Mankind’s lifestyle in the year 2250
In 1776 Adam Smith published his “Wealth of Nations” which has guided economists and political thinkers ever since. It marks the start of the Industrial Revolution that began in England and then spread throughout most of the world. That was 237 years ago.
It is not that long ago - only 4 life-spans or so, the time of your great, great, great, grandparents. Where would we be 237 years hence? Presumably just as today we listen to Mozart, born 257 years ago, and watch or read Shakespeare, born 439 years ago - they have survived all changing tastes and spread well outside their original orbit of European culture to countries as varied as Japan, China, Argentina, Tanzania and South Korea; we can be sure that generations to come would have much the same cultural interests. In all likelihood in 2250 we would probably still enjoy tastes picked up from the late twentieth and early twenty-first centuries, perhaps the Beatles, Picasso, some of the outstanding Nigerian and Indian novelists writing today or the pristine recordings of the magnificent Chinese classical violinists and pianists now emerging. We wouldn’t have better artistes - (who could ever rival Tchaikovsky, Leonardo da Vinci, Tolstoy or Shakespeare?) but a handful who would be as good.
Our religions would persist, for Christians mainly among the less well-educated. Astronomy would probe to the very edge of our universe and to universes beyond (if they exist as is suspected) but still not find God to settle the debate on belief for all time.
In 2250, the great world wars of the twentieth century, the holocaust, the rise and fall of communism, the first black President of the US, the dominance of America, mankind’s early exploration of the solar system, the Arab Spring, the threat of the use of nuclear weapons, the early beginnings of body part replacements, the great recessions of today and the century before and the poverty and underdevelopment in Africa would have become faded memories.
Instead, for most, all possible economic and material needs would be satisfied. People would be satiated by progress on this front. Some people would live to be 200 years old, totally bored by prolonged retirement and wishing they had died a 100 years before. But there would also be a flowering of the arts. Space travel would have made mining on the moon an everyday practice and space ships (unmanned), taking 150 years to travel so far, would have explored the distant reaches of our galaxy, beaming back intimate pictures of faraway space with tantalising glimpses of black holes.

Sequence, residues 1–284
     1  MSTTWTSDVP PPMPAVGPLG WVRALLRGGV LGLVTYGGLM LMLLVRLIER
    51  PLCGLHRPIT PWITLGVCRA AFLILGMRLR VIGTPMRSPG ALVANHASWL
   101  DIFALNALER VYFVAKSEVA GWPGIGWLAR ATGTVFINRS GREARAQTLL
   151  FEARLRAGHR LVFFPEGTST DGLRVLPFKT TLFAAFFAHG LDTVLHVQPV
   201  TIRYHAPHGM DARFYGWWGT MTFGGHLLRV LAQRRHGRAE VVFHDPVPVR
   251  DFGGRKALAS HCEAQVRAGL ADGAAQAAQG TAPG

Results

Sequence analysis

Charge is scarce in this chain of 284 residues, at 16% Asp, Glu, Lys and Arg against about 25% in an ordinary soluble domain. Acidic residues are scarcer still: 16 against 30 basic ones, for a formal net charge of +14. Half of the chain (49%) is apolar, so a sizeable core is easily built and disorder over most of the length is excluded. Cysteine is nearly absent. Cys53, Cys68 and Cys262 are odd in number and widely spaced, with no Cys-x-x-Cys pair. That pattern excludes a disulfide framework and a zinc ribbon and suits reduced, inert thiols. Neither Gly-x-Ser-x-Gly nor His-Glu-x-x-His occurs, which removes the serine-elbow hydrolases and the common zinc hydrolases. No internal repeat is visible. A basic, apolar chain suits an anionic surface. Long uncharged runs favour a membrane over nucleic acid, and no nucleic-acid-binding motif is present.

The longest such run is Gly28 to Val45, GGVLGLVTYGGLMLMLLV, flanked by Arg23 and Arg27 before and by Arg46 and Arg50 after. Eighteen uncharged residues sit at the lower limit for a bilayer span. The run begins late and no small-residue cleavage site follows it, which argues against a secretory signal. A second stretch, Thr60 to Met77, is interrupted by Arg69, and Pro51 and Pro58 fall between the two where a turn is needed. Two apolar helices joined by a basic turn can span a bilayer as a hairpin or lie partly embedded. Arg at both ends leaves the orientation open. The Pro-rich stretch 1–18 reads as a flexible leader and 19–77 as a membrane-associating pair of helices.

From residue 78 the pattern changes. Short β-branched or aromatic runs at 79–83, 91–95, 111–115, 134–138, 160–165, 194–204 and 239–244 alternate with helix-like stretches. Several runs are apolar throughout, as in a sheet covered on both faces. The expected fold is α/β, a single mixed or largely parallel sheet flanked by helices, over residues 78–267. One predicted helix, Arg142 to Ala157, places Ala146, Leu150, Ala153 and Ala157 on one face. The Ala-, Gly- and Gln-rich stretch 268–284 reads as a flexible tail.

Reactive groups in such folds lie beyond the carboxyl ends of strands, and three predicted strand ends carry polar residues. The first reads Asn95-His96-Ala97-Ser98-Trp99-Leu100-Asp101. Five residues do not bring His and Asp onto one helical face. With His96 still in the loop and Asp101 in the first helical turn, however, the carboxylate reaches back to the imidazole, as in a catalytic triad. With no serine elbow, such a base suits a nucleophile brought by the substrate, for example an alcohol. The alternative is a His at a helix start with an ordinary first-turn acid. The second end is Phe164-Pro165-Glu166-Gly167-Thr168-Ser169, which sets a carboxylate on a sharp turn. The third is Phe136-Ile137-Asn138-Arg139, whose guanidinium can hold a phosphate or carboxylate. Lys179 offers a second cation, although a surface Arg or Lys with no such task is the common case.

As it is today, the means and future of economic progress would be a topic of intense conversation. The “limits of growth” would no longer be discussed. Making do with less, the world would have abundant energy, food and minerals and these would be available everywhere. “Less”, because science would have brought us fusion power feeding on sea water, crops that produce unimaginable yields and ways of transportation that require only small amounts of energy.
John Maynard Keynes’ thoughts (he wrote in the 1930s) would still dominate the thinking of future economists. His ideas on demand management would be in vogue and the ideas on austerity to balance the books would have been long declared as null and void. Economic progress, he wrote, would enable us to be free “to return to some of the most sure and certain principles of religion and traditional virtue - that avarice is vice, that the exaction of usury is a misdemeanour and the love of money is detestable. We shall once more value ends above means and prefer the good to the useful.”
The likes of Stalin, Hitler, Pol Pot, Mobutu, Pinochet and Assad would have been thrown into the dustbin of history. People would be too well-educated and prosperous to allow tyrants to emerge and the world would be so cosmopolitan and inter-cultural marriages so common that nationalism would have withered on the vine.
Democracy and the observance of human rights would prevail. The Catholic Church, Judaism and Islam would no longer be theocracies. Atheistic, non-violent, Buddhism would be ever more popular as the source of a universal moral code and Buddha’s denunciation of war would make military conflict and the abuse of human rights regarded as the practice of inferior human beings. The words of the American political thinker, Michael Mandelbaum, who wrote in the early twenty-first century, would have been shown to be spot on: “The great chess game of international politics is finished..... A pawn is now just a pawn, not a sentry standing guard against an attack on the king.”
Is this my idealism or is it true? As the poet Robert Browning wrote, “Man’s reach must exceed his grasp or what’s a heaven for?”
Courtesy: Jonathan Power